Columbia never ages.
Or so it seems. Restaurants change. Towers of downtown apartments keep popping up. Mizzou switched conferences. They tore down Shakespeare’s, for goodness sake.
But the college town remains fairly timeless, Missouri’s fountain of youth. College kids still arrive every August, their youth and energy giving Columbia a second spring each year. The quad is still regal and Columns-y. Downtown still buzzes on Fridays and Saturdays and really Thursdays, too, because the week is pretty much over anyway, right? And students and alumni still flock to the old bowl south of campus for football games in the fall, like they have for 90 autumns now.
We all get older, but Mizzou Homecoming can trick you into thinking time has turned back and you’re a student again. Visiting the familiar old places and taking part in the traditions, the years melt away. Homecoming is a time for reflection and nostalgia.
So in a thoroughly satisfying quirk, Saturday’s Homecoming game against Florida is my 100th Mizzou football game. This will make it 75 games at Faurot Field, 15 neutral site games and 10 road games. (Some of those neutral site games were not entirely neutral; sharing the Georgia Dome with hordes of raucous Auburn and Alabama fans comes to mind.)
My first Mizzou game was another time, the last game of the 2002 season. Kansas State hammered Missouri, 38-0. It was the last game with a grass field at Faurot. East stadium tower renovations. The official attendance was 47,000 and change. There are links to then, obviously, but life then is almost hard to recognize now. I wore a 49ers shirt to the game and was more into the NFL back then. I had no clue what Facebook would be and how it would shape aspects of my social life in the years to come. I didn’t even know who Roger Federer was, something that makes the 2015 version of myself purse my lips and slowly shake my head.
But for all the changes, Faurot Field was still Faurot Field; the same bowl where Missouri fans have congregated in cold and heat and rain and perfect fall days for generations, with the Rock M on one end and trees peeking over the stands on the other end, ablaze with color in the fall.
Missouri alum Tom Shatel, now an outstanding columnist for the Omaha World-Herald, once wrote that Faurot was a “portrait of autumn,” and that it was where he fell in love with college football.
It’s also where I fell in love with college football, with a tough loss in the 2004 Homecoming game, Game 6, and seeing the Columns for the first time after the game.
The football has been wildly entertaining, but college football has always been about more than just games. It’s a lifestyle, memories with friends and family, a good time. It’s road trips to experience new college towns and tailgates and beautiful women milling about and going out the night before games and games in the student section and chatting up girls at halftime and the buzz around town heading into a big showdown and endless idle chatter about how the team will fare. It’s how quiet exiting the stadium is after losses and how festive it is after wins. It’s a steak grilled perfectly and pop in glass bottles as the pregame hours slowly melt away. It’s thrilling and colorful and goosebump-inducing and musical and something you share with friends, friendships you maintain long after college.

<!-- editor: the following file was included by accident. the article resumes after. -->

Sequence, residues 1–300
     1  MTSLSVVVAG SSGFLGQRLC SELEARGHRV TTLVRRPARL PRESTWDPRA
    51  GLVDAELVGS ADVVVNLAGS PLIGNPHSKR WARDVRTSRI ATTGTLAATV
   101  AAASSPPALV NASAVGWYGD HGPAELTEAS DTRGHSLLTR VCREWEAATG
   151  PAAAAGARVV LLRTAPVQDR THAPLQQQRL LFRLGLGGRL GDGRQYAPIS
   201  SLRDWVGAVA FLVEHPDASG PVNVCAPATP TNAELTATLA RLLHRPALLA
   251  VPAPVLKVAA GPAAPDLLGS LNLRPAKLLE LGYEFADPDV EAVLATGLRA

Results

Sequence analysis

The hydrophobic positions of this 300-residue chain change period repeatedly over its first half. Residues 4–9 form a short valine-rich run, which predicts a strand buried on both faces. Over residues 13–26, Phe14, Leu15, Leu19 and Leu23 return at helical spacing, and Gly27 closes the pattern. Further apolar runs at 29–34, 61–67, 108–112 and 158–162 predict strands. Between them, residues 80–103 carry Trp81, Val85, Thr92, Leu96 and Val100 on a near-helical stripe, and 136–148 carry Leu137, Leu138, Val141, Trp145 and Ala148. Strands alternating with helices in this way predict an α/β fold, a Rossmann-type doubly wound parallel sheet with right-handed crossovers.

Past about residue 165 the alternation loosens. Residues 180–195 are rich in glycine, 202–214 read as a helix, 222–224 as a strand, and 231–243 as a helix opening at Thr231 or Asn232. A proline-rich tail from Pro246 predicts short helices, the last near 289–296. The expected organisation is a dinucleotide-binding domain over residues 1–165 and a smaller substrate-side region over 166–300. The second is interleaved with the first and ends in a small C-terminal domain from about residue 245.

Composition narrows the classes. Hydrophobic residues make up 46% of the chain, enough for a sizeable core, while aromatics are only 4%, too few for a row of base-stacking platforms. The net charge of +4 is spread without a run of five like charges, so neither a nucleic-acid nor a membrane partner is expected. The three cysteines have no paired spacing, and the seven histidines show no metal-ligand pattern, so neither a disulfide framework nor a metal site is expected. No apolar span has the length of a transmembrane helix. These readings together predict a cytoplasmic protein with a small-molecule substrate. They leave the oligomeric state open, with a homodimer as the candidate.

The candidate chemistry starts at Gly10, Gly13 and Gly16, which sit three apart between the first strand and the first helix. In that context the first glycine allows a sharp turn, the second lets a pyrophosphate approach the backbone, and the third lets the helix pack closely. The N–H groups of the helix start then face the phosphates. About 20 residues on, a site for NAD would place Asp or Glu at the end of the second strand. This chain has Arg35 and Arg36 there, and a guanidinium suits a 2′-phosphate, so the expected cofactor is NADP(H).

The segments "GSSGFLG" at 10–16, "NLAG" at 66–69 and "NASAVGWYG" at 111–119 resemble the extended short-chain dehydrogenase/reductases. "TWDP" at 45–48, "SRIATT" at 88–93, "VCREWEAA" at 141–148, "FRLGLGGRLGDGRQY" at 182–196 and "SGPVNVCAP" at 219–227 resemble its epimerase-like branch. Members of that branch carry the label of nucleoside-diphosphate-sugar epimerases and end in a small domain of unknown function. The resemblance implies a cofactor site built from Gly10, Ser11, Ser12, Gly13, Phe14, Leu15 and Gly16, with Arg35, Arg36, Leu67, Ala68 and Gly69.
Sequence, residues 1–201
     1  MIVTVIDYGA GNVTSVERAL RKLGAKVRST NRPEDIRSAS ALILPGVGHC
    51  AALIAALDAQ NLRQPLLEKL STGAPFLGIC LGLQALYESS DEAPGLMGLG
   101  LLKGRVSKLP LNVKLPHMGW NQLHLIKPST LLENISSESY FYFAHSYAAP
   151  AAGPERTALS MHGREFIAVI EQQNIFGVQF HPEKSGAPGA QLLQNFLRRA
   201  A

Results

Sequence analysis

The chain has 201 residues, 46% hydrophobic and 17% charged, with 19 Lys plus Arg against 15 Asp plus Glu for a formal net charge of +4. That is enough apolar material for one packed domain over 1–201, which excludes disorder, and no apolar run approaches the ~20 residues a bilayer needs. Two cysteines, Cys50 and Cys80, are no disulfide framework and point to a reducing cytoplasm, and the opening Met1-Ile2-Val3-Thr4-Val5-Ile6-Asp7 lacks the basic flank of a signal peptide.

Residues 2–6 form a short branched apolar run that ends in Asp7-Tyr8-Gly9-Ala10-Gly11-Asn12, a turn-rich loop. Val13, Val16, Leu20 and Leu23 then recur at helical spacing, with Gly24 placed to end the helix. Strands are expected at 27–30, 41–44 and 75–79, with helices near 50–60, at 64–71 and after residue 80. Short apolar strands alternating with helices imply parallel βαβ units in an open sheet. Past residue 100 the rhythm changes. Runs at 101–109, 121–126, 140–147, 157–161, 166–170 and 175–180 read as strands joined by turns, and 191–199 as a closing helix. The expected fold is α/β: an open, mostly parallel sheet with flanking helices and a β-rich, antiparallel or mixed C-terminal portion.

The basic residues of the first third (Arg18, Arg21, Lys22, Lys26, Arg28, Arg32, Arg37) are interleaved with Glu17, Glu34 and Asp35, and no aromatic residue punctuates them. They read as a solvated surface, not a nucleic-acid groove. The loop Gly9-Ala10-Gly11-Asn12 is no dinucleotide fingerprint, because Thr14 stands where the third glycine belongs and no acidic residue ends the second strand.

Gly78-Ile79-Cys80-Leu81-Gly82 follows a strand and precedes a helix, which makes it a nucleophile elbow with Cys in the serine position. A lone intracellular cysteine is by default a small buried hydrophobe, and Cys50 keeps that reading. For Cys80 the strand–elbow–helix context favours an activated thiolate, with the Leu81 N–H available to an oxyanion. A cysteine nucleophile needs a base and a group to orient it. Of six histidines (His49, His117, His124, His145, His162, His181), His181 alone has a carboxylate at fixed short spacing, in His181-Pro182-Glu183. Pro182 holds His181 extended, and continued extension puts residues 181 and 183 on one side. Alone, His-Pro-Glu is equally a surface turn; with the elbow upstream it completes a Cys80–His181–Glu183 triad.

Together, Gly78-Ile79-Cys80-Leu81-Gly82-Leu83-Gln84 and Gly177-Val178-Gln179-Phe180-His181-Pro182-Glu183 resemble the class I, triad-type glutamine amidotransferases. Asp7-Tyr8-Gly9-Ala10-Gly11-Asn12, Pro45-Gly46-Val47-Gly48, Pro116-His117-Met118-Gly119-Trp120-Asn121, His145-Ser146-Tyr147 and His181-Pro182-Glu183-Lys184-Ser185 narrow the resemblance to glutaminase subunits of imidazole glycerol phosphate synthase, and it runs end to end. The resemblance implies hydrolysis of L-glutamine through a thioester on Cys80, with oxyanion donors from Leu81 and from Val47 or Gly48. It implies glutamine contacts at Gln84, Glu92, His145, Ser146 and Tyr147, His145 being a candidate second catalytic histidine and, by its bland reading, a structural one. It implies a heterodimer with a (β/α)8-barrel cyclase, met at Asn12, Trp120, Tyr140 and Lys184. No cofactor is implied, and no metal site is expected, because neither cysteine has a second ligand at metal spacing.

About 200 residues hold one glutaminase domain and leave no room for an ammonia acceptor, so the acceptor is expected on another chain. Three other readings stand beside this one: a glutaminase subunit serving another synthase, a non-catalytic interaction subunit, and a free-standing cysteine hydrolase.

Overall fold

These 100 games have filled page after page in the photo album of my memory. Game 13, my first Homecoming as a student when Chase Daniel led Missouri to a comeback win. Game 24, when some friends and I rode a bus to the Sun Bowl in El Paso and Rhianna performed at halftime even though it was a mid-tier bowl in the middle of nowhere and we (the busload of students, not Rhianna) got into a snowstorm and had to spend the night in Roswell, New Mexico. Game 33, the epic Border War win over Kansas, when intensity hung in the cold, clear air at Arrowhead Stadium; truly one for the ages. Game 45, when I shot a buck that morning and then some of us drove up to the game at Iowa State and it was so incredibly cold half the stadium yelled “Wind!” and the other half yelled “Chill!”
Game 51, when it rained relentlessly and the stadium sound system wasn’t working and Nebraska came back from nowhere to beat the Tigers. Game 61, when College Gameday came to Mizzou and Gahn McGaffie ran back the opening kick for a touchdown and the Tigers beat BCS No. 1 Oklahoma.
Game 72, Missouri’s first SEC Conference game, against Georgia, a massive change and a departure from 100 years of history; a wild, frenzied scene. Game 84, a road trip to magical little Oxford, Mississippi, with its courthouse square and its Grove and its Rebelettes, and I fell in love with all three and fully embraced the SEC. Game 85, when Mizzou beat Texas A&M to stunningly win the SEC East and “Georgia on my mind” played on the stadium speakers. Game 90, a fantastic road trip to South Carolina for a thrilling win, and Game 94, a fantastic road trip to Tennessee for a thrilling win that included me seeing Tim Tebow the night before and saying, “Hey... Tim!” Game 95, a comeback win against Arkansas to clinch another SEC East title as a gorgeous sunset lit up the sky above Faurot Field and everything was magic and the stadium was rocking.
Games 34, 47, 86 and 96, the sound and fury of conference title games, each excruciating losses. Gary Pinkel got so close to the brass win and was turned away, only to keep chasing.
And now, Game 100 under the lights, a big divisional game against those surging Gators. I realize it’s kind of nerdy and perhaps even self-aggrandizing to have kept track of each game I’ve attended, but I’ve learned that as fun as college football is, it’s at its best when you share it with the people you love. I’ve been fortunate to be doing that for several years now.
Here’s to the next 100.